How is Tinnitus Managed?

Woman suffering with tinnitus and grimacing laying down in bed pressing a gray pillow to her ears.

The ringing in your ear keeps worsening. It started off quietly enough, one of those “is it really there” kind of things. But you’ve observed how loud and persistent the tinnitus sounds have become after a full day on the job at a construction site. These sounds can take many forms, such as ringing, buzzing, or any number of sounds. You’re considering coming in to see us, but you’re not sure: how is buzzing in the ears managed?

The treatment of tinnitus (that’s what that ringing is called) will vary from person to person and depend substantially on the origin of your hearing problems. But there are some common threads that can help you prepare for your own tinnitus treatment.

What type of tinnitus do you have?

Tinnitus is not unusual. There can be a number of causes for the ringing (or whatever tinnitus noises you’re hearing). So when it comes to treatment, tinnitus is usually split into one of two categories:

  • Medical Tinnitus: Some tinnitus symptoms are caused by an underlying medical issue, such as an ear infection, too much earwax, or a growth, among other conditions. Dealing with the root medical issue will usually be the priority of your medical professional.
  • Non-Medical Tinnitus: “Non-medical” nomenclature is generally saved for tinnitus caused by damaged hearing or hearing impairment. As time passes, exposure to harmful noise (such as the noise at your construction site) can cause persistent, severe, and chronic tinnitus. It’s usually very difficult to manage non-medical tinnitus.

The type of tinnitus you have, and the root cause of the hearing affliction, will establish the best ways to treat those symptoms.

Treating medical tinnitus

Your medical tinnitus symptoms will usually go away when the underlying medical issue is treated. Here are a few treatments for medical tinnitus:

  • Hydrocortisone: Some kinds of infections will not respond to antibiotics. Viral infections, for example, never respond to antibiotic solutions. In these situations, your doctor might prescribe hydrocortisone to help you manage other symptoms.
  • Surgery: When your tinnitus is caused by a tumor or other growth, doctors could perform surgery to remove the mass that is causing your tinnitus, particularly if your symptoms are diminishing your quality of life.
  • Antibiotics: Your doctor might prescribe you with antibiotics if your tinnitus is caused by a bacterial ear infection. Once the infection goes away, it’s likely that your hearing will return to normal.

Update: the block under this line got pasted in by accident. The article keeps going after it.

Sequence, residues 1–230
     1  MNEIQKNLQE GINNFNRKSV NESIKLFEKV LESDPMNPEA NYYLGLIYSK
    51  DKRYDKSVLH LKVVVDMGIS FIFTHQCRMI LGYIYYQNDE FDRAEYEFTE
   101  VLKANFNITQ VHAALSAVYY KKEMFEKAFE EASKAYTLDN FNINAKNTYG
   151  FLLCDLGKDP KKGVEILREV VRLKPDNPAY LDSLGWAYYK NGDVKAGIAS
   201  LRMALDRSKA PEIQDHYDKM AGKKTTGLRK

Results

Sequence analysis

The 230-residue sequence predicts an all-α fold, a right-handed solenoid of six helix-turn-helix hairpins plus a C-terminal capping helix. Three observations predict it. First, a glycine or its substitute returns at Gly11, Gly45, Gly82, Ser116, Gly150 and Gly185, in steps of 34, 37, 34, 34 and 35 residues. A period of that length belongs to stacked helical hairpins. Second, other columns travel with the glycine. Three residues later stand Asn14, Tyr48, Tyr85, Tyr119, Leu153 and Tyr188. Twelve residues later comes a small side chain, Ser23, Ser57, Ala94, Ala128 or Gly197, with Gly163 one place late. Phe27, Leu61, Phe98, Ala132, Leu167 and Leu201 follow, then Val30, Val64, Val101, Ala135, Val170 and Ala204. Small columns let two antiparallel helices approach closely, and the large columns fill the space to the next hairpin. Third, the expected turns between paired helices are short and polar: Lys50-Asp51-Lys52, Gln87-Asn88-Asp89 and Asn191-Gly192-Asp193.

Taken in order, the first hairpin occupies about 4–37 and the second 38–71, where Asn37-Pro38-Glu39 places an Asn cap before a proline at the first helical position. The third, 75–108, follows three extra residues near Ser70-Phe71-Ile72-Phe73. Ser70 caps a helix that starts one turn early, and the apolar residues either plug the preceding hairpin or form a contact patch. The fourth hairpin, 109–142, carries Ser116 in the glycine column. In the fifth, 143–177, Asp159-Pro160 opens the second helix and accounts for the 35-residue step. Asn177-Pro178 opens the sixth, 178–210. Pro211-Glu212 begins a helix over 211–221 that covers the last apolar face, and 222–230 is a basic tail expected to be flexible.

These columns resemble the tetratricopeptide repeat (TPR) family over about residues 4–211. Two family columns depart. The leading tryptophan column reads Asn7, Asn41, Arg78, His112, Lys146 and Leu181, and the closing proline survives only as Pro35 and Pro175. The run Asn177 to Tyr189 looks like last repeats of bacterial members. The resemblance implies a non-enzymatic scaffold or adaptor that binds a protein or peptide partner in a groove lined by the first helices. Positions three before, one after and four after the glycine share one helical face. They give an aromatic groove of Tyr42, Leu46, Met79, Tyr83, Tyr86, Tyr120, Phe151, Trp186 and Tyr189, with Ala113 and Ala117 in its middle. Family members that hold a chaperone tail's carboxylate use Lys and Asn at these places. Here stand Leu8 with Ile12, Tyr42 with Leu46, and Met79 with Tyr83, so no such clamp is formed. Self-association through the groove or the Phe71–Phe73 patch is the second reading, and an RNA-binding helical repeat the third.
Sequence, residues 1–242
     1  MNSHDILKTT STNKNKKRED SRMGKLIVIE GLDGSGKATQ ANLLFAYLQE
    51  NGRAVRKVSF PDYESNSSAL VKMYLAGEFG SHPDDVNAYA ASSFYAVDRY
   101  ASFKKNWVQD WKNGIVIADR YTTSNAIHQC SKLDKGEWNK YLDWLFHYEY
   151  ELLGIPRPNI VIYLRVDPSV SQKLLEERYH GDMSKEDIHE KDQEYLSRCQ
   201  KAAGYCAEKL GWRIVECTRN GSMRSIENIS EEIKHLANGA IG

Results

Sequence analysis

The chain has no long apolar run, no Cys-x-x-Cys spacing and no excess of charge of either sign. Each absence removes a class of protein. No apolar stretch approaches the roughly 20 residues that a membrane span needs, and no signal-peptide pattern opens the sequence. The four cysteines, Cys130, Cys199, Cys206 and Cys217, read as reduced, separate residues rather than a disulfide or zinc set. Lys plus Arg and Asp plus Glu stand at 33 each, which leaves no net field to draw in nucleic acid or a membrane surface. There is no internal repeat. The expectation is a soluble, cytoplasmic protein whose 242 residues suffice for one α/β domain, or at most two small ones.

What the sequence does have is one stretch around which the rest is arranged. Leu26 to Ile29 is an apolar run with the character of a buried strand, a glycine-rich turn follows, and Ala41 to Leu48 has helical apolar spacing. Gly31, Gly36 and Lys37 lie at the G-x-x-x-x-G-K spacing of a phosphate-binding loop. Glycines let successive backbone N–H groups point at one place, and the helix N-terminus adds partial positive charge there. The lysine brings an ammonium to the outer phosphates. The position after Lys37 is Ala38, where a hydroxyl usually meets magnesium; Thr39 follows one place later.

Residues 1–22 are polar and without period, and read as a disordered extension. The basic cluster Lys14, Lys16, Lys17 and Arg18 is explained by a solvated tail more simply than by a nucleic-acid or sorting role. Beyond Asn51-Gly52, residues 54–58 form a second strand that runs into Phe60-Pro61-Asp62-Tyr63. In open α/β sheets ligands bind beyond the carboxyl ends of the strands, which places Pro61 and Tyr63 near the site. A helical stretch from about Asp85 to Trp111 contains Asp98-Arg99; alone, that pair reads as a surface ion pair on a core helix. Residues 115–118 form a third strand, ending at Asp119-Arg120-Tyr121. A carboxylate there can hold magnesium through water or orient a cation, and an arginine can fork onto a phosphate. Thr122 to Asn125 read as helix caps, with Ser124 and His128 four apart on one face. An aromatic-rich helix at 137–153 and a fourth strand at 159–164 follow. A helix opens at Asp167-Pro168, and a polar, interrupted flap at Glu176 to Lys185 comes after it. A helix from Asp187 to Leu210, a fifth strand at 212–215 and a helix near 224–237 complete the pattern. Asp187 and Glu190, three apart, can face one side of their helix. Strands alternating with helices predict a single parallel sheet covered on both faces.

You’ll want to make an appointment to come see us so we customize a tinnitus treatment plan, particularly if you’re coping with medical tinnitus.

Non-medical tinnitus treatment options

The causes of non-medical tinnitus are frequently much harder to diagnose and manage than is typically the case with medical tinnitus. Non-medical tinnitus has no cure particularly if it’s related to hearing impairment. Treatments, instead highlight alleviating symptoms and improving the quality of life.

  • Cognitive-behavioral therapy: In some cases, you can be trained to disregard the noises of your tinnitus. Cognitive-behavioral therapy is a commonly utilized strategy created to help you reach just that.
  • Medications: There are some experimental medications available for treating tinnitus. For example, steroids and anti-anxiety medication combinations can sometimes help reduce tinnitus symptoms. But before you make any decisions, you’ll want to talk to us.
  • Noise-masking devices: Sometimes called “white noise machines,” these devices are created to supply enough sound to decrease your ability to hear the ringing or buzzing caused by your tinnitus. Certain sounds can be tuned into these devices depending on what sounds your tinnitus is creating.
  • Hearing aids: If your tinnitus turns out to be more dominant as your hearing diminishes, a hearing aid could help you manage the symptoms of both conditions. The tinnitus symptoms probably seem louder because everything else becomes quieter (due to hearing impairment). When you utilize a hearing aid it boosts the volume of the outside world making your tinnitus sounds seem quieter.

Find what works

In order to effectively treat your hearing problems you will probably need to try out several approaches as the exact cause of your tinnitus most likely won’t be clear. In most cases, tinnitus can’t be cured. But many different treatments are available that could decrease the symptoms. The trick is discovering the one that works for you.

The content of this blog is the intellectual property of and is reprinted here with permission. The site information is for educational and informational purposes only and does not constitute medical advice. To receive a hearing aid consultation, call today to schedule an appointment.